I was highly skeptical of agave nectar when it started making waves in recent years as a healthier alternative to sugar.
The appeal of agave nectar seems to be that, though it’s even sweeter than sugar, it has a far lower glycemic index (GI). This appeals to diabetics, who are advised to avoid high-GI foods because those foods can cause a spike in blood sugar that can aggravate their condition. It also appeals to South Beach Dieters, who are also advised to seek low-GI foods, or at least to combine them with high-fat, or high-fiber, foods, so as to mitigate the potential spike in blood sugar (which may contribute not only to diabetes but to weight gain).
The reason agave nectar has a lower GI is that it’s 90% fructose and only 10% glucose. It’s glucose that causes the blood sugar spike, and by reducing the glucose content from sugar’s 50% and high fructose corn syrup’s 45%, agave nectar is far easier on the blood sugar.
At least, in the near term.
But ever since reading Gary Taubes’ Good Calories, Bad Calories I’ve been more concerned about fructose than glucose. Fructose is processed differently in the body and, though it doesn’t cause the same spike in blood sugar that glucose causes, it may do greater long-term damage in terms of promoting insulin resistance and metabolic disorder, albeit from mechanisms we don’t fully understand.
Of course, fructose is present in whole, natural foods like apples and blueberries, but only in small quantities relative to the other nutrients and minerals in those foods. (Fructose apparently makes up only about 7% of an apple.) It’s when fructose is consumed in greater proportions that it can become problematic. And if it’s fructose that’s most problematic, then agave nectar is even worse for us, in the long run, than high-fructose corn syrup.
So, why have I been experimenting with agave nectar recently? Primarily because Dr. Neal Barnard includes it in many of his recipes in his books touting a 100% vegan, oil-free diet. And Dr. Barnard’s patients seem to see excellent results on this diet. Why not give it a shot?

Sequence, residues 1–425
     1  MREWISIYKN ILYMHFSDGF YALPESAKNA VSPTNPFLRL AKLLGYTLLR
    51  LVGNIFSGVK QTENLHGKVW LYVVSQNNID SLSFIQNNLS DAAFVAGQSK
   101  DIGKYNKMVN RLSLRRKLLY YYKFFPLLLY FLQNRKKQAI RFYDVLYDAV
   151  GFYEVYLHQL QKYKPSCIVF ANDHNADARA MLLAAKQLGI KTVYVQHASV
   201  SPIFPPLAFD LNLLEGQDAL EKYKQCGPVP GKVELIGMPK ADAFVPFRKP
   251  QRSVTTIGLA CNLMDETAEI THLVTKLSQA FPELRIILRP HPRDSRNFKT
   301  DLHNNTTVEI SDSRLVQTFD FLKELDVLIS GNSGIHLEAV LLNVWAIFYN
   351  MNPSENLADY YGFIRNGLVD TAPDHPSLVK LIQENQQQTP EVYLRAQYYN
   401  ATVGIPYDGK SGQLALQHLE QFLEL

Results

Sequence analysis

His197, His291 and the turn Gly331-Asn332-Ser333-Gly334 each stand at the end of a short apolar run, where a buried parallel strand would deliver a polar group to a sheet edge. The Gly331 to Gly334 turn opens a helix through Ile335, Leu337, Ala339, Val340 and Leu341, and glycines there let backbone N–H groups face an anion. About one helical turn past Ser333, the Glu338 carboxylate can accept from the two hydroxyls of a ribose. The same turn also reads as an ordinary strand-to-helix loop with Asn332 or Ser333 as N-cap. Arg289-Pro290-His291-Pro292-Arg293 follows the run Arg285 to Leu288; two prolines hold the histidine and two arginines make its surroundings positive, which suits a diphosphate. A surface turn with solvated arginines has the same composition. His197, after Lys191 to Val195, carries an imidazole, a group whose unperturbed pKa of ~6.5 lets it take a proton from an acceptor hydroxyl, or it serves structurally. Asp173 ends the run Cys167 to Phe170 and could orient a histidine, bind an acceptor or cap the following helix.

And after giving it a shot, it hasn’t worked too badly. I did lose a few pounds in the weeks following my commencement of Dr. Barnard’s diet. I haven’t kept terribly well to the diet since then because it requires a heck of a lot of cooking, and I’d rather save the time. But it seemed to do OK for me, weight-wise. And yet it includes a fair amount of agave nectar.
But if agave nectar’s damage is long-term, then a couple weeks of experimentation with it is not the right approach. And I’m not sure I want to experiment with it over the long run. Dr. Barnard’s patients may see improvements in weight from following his diet, but they may actually be reducing the amount of sweeteners in their food significantly (from large amounts of sugar to smaller amounts of agave nectar) and so gaining in spite of agave nectar’s itself being harmful. After all, though many of Barnard’s recipes include agave nectar, they don’t exactly swim in it.
Having finally done some extensive reading on agave nectar itself, I’m convinced to start cutting it back out of my diet. I do really like a few of Dr. Barnard’s recipes that are quick, easy and tasty and include agave nectar, and so I may keep some of them on the shelf for future use. But at the same time, I’m going to cut back on agave nectar significantly and start phasing back in my prior, nearly-entirely-whole foods diet, and relying only on Dr. Barnard’s recipes that don’t include agave nectar.